EXCLUSIVE: W.H. collects Web users’ data without notice

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Shahid Buttar, executive director of the Bill of Rights Defense Committee, called for congressional oversight of the practice of collecting data.

“Given the administration’s disappointing secrecy in other contexts, the Bill of Rights Defense Committee encourages Congress to conduct oversight to ensure compliance with the law, maximize transparency and protect individual privacy,” Mr. Buttar said.

According to the law, the term “presidential records” means documentary materials “created or received by the president, his immediate staff or a unit or individual of the Executive Office of the President whose function is to advise and assist the president, in the course of conducting activities which relate to or have an effect upon the carrying out of the constitutional, statutory, or other official or ceremonial duties of the President.”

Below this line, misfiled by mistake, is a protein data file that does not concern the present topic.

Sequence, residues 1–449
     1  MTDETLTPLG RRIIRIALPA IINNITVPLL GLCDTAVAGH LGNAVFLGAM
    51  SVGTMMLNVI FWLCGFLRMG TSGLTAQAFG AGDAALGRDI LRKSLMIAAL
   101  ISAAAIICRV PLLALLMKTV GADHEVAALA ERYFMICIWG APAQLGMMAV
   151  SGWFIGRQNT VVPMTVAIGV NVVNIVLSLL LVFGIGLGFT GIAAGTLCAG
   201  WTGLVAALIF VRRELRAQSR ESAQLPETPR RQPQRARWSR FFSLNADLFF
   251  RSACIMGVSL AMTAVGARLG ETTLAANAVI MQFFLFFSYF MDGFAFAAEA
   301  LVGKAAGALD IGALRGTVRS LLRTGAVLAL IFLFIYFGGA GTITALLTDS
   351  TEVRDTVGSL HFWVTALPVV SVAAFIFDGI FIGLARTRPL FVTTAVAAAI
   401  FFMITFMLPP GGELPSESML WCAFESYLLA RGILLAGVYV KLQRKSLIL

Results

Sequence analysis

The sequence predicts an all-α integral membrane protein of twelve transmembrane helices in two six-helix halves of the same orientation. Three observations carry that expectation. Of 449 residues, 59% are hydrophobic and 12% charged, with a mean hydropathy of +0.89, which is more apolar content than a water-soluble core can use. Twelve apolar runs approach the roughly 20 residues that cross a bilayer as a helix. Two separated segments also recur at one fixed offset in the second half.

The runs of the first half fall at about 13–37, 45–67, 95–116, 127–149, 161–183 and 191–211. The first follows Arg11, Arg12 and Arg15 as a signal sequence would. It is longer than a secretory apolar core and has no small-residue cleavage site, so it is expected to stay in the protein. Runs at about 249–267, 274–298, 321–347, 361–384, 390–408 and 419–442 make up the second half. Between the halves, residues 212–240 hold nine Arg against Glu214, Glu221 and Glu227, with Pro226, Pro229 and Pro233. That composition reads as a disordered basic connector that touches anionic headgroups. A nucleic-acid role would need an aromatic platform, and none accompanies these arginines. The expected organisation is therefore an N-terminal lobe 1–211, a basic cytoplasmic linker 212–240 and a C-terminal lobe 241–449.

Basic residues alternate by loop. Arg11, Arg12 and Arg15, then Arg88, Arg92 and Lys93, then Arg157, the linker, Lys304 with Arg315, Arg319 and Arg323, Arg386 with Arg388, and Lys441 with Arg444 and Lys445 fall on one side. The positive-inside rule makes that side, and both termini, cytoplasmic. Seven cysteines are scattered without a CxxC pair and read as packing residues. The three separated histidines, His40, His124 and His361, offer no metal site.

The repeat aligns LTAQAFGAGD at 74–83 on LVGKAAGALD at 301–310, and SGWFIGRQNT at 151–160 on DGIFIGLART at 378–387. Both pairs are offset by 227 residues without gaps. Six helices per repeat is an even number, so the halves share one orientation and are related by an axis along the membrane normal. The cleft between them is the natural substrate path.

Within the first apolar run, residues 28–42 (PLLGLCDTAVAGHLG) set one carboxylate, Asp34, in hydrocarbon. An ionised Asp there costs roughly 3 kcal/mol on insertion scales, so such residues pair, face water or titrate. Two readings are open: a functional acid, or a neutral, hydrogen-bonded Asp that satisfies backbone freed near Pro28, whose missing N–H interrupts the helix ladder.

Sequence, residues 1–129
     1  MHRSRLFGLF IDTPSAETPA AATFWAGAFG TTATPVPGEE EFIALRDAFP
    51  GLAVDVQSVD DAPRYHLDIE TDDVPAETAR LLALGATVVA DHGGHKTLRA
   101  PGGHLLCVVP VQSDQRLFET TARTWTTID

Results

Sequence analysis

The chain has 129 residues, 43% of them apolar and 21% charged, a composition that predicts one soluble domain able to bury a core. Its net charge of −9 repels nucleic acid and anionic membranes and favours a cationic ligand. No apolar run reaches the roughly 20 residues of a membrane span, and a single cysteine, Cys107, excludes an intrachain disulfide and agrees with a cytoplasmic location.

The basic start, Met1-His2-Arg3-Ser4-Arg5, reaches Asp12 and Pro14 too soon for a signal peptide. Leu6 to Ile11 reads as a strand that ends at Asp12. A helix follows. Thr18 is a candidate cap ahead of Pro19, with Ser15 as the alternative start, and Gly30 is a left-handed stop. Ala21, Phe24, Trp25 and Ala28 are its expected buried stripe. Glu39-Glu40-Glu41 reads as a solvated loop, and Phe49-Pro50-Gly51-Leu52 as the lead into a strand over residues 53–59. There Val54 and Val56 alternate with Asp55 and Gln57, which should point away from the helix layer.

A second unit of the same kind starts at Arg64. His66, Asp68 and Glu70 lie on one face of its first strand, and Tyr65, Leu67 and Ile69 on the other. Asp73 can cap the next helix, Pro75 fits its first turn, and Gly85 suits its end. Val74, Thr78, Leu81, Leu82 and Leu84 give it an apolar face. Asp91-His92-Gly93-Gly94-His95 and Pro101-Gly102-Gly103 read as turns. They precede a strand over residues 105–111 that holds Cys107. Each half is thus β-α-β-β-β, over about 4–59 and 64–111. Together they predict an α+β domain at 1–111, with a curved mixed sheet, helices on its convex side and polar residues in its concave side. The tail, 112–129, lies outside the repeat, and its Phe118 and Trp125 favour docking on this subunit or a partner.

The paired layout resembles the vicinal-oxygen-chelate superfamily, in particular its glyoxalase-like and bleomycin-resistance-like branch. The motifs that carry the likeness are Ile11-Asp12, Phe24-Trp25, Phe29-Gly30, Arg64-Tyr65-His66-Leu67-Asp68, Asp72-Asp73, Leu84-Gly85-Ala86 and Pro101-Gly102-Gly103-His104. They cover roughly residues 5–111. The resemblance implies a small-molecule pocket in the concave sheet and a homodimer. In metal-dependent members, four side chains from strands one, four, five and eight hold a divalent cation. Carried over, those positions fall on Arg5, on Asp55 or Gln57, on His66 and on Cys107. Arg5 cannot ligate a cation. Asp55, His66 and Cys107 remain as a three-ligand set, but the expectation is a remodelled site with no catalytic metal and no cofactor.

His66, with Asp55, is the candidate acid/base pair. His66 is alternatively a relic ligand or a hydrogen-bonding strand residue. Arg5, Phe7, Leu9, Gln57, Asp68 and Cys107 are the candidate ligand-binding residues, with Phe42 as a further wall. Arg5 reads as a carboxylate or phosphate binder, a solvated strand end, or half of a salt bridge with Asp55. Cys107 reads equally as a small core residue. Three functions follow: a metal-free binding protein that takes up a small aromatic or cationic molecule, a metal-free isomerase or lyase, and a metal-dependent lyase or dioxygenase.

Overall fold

“It includes any documentary materials relating to the political activities of the president or members of his staff, but only if such activities relate to or have a direct effect upon the carrying out of constitutional, statutory, or other official or ceremonial duties of the President,” the law says.

David Almacy, who served as President George W. Bush’s Internet director, said the Bush administration did not use the then-fledgling social-networking sites in the same manner as the Obama White House, except to upload presidential speeches onto iTunes. The White House, however, did archive comments posted to its official Web site.

The proposal issued Aug. 21 calls for a contractor to “crawl and archive” social-networking Web sites where the White House maintains an official presence on seven networks: Facebook, Twitter, MySpace, Flickr, YouTube, Vimeo and Slideshare.

The collection will include the comments, tags, graphics, audio and video posted by users who don’t work for the White House.

The White House has more than 333,000 fans on Facebook, and posts updates several times a day that draw hundreds of thousands of comments, both positive and negative. The White House has more than 1 million followers on Twitter and more than 87,000 subscribers on YouTube, where more than 400 videos of the president and White House briefings are posted.

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